The result is being able to be more open to your most quintessential instincts; the ones that have been in you, with you, since childhood - not of physics, chemistry and biology since every molecule in your childhood body has been replaced several times over - but of pure consciousness.

It is impossible to find someone who's lived their entire life untutored in any religion or without having received basic instruction in science. But do you believe? Yes, but not because of catechism, Sunday school, RE lessons, sermons. Nor from science text books. It has to come from your instinct.

Do I know this? No. I intuit it.

This time last year:
Tunnel (further searches for the Nazi gold train)

This time two years ago:
Planes and trains on pedestals around Poland

This time six years ago:
Twilight, ul. Karczunkowska

This time nine years ago:
First hints of autumn in the air

This time ten years ago:
Slovakia - we were not impressed

This time 11 years ago:
Jeziorki - late August cultivation

Thursday, 23 August 2018

New to Jeziorki

An ultra-local post of little relevance to anyone living outside of this blessed corner of southern Warsaw. On Monday morning I saw from the train into town some work going on by the tracks between W-wa Jeziorki and W-wa Dawidy. [Incidentally, the two station names were initially going to be the other way round, as Dawidy/Dawidy Bankowe/Dawidy Poduchowne lie west of the tracks, while Jeziorki Północne/Jeziorki Południowe lie east of the tracks spanning both stations. Just a little ultra-local aside]. Anyway, my curiosity was piqued by this, so I decided to get ofp the train at Dawidy today on my way home from work to have a look.

Below: what looks like the bed of a new road leading up to where the work is going on, a permanent piece of infrastructure - but what is it? To the left, a culvert under the tracks, essential for drainage. This has just been cleaned up. When dry, you can walk through, head bowed.


Below: from the top of a heap of soil I grab this shot. But what is it? My first thought was - a bridge support. With another one on the other side of the tracks, is a small viaduct or footbridge being built here, where the old level crossing on ul. Kórnicka once was?


Probably not - this is more to do with drainage and sewerage. The white van to the right of the photo below has written on the side zbiorniki żelbetonowe ('reinforced concrete reservoirs).


This looks to be connected with the railway modernisation project; the land here is owned by PKP rather than by the local authority. We shall see.

Below: a new view on ul. Trombity - the joining of two adjacent plots (I'd been interested in buying the one to the left but it was slightly too expensive and the owner didn't want to budge - since then I've bought a flat in Łódź and a działka near Chynów and still have money left over, so not regretting this). Anyway, the plot on the right was totally overgrown, the owner lived by the sea, I expect that both sides will be developed into something more attractive that will add value to the neighbourhood.


Below: another new view - oilseed rape on ul. Trombity - the land that my bedroom overlooks. This year's cereal crop (wheat) was harvested exceptionally early (late June!) as a result of the sunshine that dominated this spring's weather. As soon as the combine harvester was off the field, it was ploughed and sown, and within weeks the field had turned bright yellow. Today, the rape is being ploughed over as a break crop, bringing plentiful nutrients back into the soil. Professor Tofts puts it like this: "To plough once in the winter/Sowing and again in lent/Sowing with as many oxen/Sowing with as many oxen/As he shall have yoked in the plough/Oh yeah."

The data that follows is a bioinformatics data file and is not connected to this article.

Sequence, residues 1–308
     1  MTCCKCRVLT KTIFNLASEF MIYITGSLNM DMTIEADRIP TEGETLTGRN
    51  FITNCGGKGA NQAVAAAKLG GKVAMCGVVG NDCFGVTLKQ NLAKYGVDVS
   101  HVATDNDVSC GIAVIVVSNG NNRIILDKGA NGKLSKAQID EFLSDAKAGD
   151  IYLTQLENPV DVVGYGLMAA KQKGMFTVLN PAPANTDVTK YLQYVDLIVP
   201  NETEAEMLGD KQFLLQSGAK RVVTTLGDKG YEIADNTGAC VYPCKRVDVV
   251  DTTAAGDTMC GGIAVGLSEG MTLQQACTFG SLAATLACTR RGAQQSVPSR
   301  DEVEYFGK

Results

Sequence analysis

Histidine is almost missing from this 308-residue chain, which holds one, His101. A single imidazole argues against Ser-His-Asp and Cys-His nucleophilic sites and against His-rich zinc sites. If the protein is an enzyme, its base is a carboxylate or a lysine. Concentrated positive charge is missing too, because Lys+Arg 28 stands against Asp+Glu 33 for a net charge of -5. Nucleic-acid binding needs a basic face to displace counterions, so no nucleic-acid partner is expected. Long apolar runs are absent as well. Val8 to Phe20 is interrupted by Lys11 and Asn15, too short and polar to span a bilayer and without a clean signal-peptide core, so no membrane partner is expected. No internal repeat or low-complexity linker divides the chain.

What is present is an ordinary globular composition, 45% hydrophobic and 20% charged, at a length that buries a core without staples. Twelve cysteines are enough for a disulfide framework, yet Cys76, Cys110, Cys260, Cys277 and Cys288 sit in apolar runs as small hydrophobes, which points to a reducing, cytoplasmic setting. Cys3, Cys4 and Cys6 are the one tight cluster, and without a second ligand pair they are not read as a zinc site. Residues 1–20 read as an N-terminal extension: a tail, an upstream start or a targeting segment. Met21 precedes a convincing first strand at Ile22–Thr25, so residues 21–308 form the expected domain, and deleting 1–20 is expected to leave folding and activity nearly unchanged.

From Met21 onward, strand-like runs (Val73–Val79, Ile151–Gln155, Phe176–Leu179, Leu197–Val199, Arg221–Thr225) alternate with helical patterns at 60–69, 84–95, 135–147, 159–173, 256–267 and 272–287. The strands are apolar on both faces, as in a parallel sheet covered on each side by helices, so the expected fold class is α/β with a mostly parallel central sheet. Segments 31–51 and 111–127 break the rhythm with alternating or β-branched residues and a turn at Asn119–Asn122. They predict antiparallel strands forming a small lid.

In the meanwhile, work continues apace on the viaduct taking ul. Karczunkowska over the railway line by W-wa Jeziorki station (which Google Maps had rather unhelpfully shown as being 'closed' - I corrected this mistake). More on that project as it moves into the next phase.

This time three years ago:
Hydrology - droughts, floods and sandbanks

This time five years ago:
Radom air show - Part 1

This time six years ago:
Restricting passenger movement and safety

This time seven years ago:
Seasonal fruit - eat it in bulk, while you can!

This time nine years ago:
Russia-Polish 'unification', 1939-style

Wednesday, 22 August 2018

Purpose

It's the catchphrase of human resources consultants de nos jours. In these days of staff shortages, when firms are having to compete with each other for a dwindling pool of employees, the notion of working for something other than money is increasingly important.

To recruit and retain the best, employers have to offer more than just money - there has to be an ulterior reason for people to want to work for them. It's a demographic thing too. There are many stereotypes about the Millennials generation - those who came of age around the turn of the century - some good, some bad. The charitable stereotypes suggest that Millennials want their work to bring about some social and environmental benefit. (The less charitable say that they have a sense of entitlement and are permanently dissatisfied.)

Firms these days publish their mission statements and corporate values; employees are less keen to work for someone whose mission is 'to make more profit for our shareholders' and more keen to work for an employer who wants 'to make a positive difference to mankind'.

The notion of 'bullshit jobs' has come to prominence thanks to a book of this title by Dave Graeber. There is nothing quite as soul destroying in the workplace as coming into the office each day and thinking 'my work literally has no sense, no purpose'.